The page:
AMA urges Government to protect Australia's public health interests in trade agreements
The AMA has written to the Minister for Trade and Investment, the Hon Andrew Robb AO, urging the Government to ensure that policies that support public health in Australia are not compromised in the terms of the Trans Pacific Partnership Agreement (TPPA), which will be discussed by Trade Ministers next week.
The TPPA is a regional free trade agreement that involves twelve countries across the Asia Pacific, including Australia and the United States.
AMA Vice President, Professor Geoffrey Dobb, said today it is vital that the TPPA preserves the right of Australian governments to make laws in important areas of public health policy that benefit the Australian population.
“Free trade agreements should not erode sovereign control over Australia’s national health policy, including the ability of governments to regulate industries that produce goods that contribute to the growing burden of non-communicable diseases, such as tobacco, alcohol, and highly processed foods,” Professor Dobb said.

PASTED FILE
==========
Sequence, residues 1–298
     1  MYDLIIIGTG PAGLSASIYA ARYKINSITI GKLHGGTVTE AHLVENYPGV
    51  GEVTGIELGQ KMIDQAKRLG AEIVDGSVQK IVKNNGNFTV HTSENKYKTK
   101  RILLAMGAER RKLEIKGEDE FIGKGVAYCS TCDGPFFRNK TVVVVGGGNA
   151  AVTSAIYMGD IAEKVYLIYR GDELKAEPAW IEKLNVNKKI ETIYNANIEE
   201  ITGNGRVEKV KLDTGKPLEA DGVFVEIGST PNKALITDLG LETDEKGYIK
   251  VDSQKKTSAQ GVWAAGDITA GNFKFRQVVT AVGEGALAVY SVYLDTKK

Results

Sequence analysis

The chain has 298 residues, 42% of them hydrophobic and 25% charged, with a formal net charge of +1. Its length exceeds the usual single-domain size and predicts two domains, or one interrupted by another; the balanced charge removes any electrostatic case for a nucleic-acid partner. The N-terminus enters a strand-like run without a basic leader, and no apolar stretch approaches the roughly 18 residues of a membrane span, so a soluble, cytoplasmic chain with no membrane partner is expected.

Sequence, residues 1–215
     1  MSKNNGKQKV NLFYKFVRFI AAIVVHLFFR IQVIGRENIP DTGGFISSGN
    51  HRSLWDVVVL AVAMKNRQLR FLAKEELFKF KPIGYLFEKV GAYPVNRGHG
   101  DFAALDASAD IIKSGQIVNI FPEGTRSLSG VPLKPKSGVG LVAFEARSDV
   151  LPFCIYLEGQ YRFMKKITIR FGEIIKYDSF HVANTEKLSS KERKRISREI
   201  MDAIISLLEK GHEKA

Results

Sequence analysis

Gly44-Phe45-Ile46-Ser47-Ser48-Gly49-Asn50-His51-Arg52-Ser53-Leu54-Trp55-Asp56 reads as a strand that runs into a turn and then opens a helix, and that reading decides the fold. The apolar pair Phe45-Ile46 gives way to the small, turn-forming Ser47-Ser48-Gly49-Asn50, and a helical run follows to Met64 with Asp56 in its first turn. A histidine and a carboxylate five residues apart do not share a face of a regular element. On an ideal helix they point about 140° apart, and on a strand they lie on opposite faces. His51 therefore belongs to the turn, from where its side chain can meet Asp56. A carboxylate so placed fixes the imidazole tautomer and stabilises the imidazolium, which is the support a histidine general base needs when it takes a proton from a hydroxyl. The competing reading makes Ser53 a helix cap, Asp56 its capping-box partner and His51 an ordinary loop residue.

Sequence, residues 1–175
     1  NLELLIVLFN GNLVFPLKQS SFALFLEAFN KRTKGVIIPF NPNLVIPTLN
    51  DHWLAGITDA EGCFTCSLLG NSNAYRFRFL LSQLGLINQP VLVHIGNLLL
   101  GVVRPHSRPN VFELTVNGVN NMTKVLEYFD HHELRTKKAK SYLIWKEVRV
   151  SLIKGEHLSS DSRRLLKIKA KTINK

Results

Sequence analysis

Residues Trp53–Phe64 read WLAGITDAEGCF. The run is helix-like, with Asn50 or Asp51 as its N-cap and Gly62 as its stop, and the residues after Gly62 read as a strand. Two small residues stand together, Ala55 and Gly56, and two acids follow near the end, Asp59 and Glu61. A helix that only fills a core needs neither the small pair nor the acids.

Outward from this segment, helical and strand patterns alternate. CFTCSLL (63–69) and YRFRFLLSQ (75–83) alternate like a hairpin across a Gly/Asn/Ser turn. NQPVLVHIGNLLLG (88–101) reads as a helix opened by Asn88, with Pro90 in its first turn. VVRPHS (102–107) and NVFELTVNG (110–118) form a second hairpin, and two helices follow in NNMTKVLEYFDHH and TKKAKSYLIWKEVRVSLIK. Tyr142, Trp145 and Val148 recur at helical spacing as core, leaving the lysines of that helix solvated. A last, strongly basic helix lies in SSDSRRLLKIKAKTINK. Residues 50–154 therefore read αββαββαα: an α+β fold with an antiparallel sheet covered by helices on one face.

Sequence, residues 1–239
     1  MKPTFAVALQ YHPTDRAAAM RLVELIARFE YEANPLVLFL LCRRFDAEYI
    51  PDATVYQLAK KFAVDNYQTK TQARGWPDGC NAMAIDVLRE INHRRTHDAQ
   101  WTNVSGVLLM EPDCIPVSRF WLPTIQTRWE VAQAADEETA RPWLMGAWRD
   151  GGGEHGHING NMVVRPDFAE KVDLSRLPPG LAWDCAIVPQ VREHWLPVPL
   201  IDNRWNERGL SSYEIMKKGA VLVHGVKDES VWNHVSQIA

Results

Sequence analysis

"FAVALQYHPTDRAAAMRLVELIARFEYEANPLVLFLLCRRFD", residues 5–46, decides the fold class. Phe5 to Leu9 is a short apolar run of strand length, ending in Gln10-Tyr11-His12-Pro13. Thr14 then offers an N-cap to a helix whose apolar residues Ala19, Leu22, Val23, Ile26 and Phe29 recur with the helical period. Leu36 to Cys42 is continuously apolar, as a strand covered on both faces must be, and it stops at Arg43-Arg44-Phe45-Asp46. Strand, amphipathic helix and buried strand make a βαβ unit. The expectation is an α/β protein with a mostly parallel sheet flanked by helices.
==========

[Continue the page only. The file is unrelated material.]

“The AMA encourages the Australian Government to refuse any provisions in the TPPA that would encroach on national health policy and reduce the Government’s ability to regulate significant areas of public health policy.
“The Government must insist that future trade agreements, including the TPPA, do not extend the intellectual property rights of patent holders, interfere with the operation of the PBS, or provide foreign corporations with investor-state dispute settlement (ISDS) rights to challenge domestic public health policies.
“We encourage the Government to consult closely with the AMA and the health sector to ensure the many strengths of the Australian health system are not undermined or compromised by international trade agreements,” Professor Dobb said.
6 December 2013
CONTACT: John Flannery 02 6270 5477 / 0419 494 761
Kirsty Waterford 02 6270 5464 / 0427 209 753
Published: 06 Dec 2013